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Balancing Caregiving and Self-Care

Being a caregiver is a tough job, where there does not always seem to be enough time in the day to do all that needs to be done. Have you ever felt like: I have nothing left to give my loved one - how do I possibly take care of myself, while trying to care for my loved one as well? 

Giving yourself permission to take care of yourself is the first step in allowing yourself time for self-care. Making sure that you take care of yourself is just as important - if not more important - than taking care of your loved one! But now you may be asking, how do I actually do that? Here are a few suggestions that might be helpful as you begin to allow yourself time for self-care:

1. Get involved in a support group.
Some people may not feel that they need a support group, or that they don’t fit in, but sometimes it can help just to be present and listen. You may realize that some of what you are feeling or dealing with is not unusual, and that you are truly not alone.

2. Focus on gratitude.
Personally, I spend each morning either walking, or just writing down at least 5 things that I am grateful for. I try not to focus just on the big picture things husband, my job, but I try to focus on the last 24 hours. I find things I am grateful for like the walk I had with a neighbor, the quality time I had with my dad, or even something as simple as I had great water intake yesterday.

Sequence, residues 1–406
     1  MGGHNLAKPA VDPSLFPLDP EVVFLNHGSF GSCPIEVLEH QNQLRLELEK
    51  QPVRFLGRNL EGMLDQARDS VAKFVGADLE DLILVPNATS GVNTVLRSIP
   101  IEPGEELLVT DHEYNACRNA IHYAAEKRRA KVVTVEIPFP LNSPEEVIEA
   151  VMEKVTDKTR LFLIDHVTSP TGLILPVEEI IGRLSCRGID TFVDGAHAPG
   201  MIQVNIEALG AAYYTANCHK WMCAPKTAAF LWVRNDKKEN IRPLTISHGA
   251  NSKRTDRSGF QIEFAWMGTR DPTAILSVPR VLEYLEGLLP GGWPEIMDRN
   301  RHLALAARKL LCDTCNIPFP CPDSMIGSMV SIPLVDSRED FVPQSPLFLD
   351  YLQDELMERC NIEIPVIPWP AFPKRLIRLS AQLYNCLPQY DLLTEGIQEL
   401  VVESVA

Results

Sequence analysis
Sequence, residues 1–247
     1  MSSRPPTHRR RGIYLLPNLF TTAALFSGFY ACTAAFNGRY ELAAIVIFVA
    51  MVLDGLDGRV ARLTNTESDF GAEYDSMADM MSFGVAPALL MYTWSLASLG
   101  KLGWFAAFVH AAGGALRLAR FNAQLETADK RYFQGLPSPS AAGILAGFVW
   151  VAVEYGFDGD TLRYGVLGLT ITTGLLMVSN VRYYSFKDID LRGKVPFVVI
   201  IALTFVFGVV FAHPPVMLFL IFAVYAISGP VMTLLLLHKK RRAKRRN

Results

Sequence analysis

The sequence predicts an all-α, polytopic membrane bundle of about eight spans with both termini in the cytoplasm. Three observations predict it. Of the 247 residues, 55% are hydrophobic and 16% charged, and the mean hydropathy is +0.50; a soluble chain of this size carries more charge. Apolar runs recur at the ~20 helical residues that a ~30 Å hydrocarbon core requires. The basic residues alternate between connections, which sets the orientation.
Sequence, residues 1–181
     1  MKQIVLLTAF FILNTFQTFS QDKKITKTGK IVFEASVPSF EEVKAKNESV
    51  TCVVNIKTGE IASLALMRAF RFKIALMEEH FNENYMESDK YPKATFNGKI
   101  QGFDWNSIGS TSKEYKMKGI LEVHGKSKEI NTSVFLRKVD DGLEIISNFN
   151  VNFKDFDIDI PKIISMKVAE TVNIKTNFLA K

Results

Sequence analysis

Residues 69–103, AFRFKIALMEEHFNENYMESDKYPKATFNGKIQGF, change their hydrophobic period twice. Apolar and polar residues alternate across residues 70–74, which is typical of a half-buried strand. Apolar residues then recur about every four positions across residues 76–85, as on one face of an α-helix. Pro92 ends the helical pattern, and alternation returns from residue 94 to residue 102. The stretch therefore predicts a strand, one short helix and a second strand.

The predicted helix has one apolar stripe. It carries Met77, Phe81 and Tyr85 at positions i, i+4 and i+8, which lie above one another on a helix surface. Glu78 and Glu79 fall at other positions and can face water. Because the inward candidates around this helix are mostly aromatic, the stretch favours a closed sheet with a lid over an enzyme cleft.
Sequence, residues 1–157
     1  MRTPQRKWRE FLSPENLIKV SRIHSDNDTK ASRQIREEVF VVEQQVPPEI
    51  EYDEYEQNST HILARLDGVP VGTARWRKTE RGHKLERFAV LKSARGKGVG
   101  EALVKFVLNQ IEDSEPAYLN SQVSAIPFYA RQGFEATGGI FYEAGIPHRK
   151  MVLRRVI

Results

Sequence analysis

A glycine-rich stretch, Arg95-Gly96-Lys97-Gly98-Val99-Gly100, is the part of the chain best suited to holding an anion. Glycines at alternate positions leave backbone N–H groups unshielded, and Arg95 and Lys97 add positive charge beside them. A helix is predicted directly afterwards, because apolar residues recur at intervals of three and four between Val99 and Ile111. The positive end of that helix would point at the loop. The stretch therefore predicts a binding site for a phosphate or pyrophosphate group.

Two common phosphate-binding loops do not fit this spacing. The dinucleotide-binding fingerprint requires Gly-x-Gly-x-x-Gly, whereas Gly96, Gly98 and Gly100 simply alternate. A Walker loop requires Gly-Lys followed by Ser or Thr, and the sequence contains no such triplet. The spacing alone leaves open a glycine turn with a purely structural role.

3. Get outside.
Spending time outside in the sunshine increases our intake of vitamin D and can surely enhance your overall mental health.

4. Get your body moving.
Whether it is an exercise program, going for a short bike ride, or getting outside and taking a walk, do something to get those endorphins going with physical exercise.

5. Meditation (and a weighted blanket!)
Just take 5 minutes and close your eyes with a weighted blanket. Take some deep breaths to calm your mind and meditate on positive thoughts. Allowing your body to feel supported by the blanket can also calm your mind.

6. Ask for help!
It is not a sign of weakness, but will actually allow you to be the best caregiver for your loved one you can.


Anita Irvin is the Executive Director of Insight Memory Care Center.


"I like that IMCC focuses on dementia-related problems and provides a focal point for families to network and socially interact in coping with dementia. It provides a community that helps us in our struggle."